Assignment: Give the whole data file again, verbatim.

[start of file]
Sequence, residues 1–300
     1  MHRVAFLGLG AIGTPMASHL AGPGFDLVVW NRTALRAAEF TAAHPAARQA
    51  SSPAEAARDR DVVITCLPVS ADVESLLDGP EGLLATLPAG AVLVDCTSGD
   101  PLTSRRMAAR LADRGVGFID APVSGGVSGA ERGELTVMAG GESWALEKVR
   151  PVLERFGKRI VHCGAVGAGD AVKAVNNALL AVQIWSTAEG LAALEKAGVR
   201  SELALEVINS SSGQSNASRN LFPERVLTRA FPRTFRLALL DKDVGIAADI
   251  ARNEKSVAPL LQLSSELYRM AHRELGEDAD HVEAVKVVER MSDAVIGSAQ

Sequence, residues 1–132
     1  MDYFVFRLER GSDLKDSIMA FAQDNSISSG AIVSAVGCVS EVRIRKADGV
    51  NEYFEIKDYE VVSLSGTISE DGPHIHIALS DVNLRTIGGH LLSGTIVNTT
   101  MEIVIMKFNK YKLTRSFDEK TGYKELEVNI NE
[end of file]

Sequence, residues 1–300
     1  MHRVAFLGLG AIGTPMASHL AGPGFDLVVW NRTALRAAEF TAAHPAARQA
    51  SSPAEAARDR DVVITCLPVS ADVESLLDGP EGLLATLPAG AVLVDCTSGD
   101  PLTSRRMAAR LADRGVGFID APVSGGVSGA ERGELTVMAG GESWALEKVR
   151  PVLERFGKRI VHCGAVGAGD AVKAVNNALL AVQIWSTAEG LAALEKAGVR
   201  SELALEVINS SSGQSNASRN LFPERVLTRA FPRTFRLALL DKDVGIAADI
   251  ARNEKSVAPL LQLSSELYRM AHRELGEDAD HVEAVKVVER MSDAVIGSAQ

Sequence, residues 1–132
     1  MDYFVFRLER GSDLKDSIMA FAQDNSISSG AIVSAVGCVS EVRIRKADGV
    51  NEYFEIKDYE VVSLSGTISE DGPHIHIALS DVNLRTIGGH LLSGTIVNTT
   101  MEIVIMKFNK YKLTRSFDEK TGYKELEVNI NE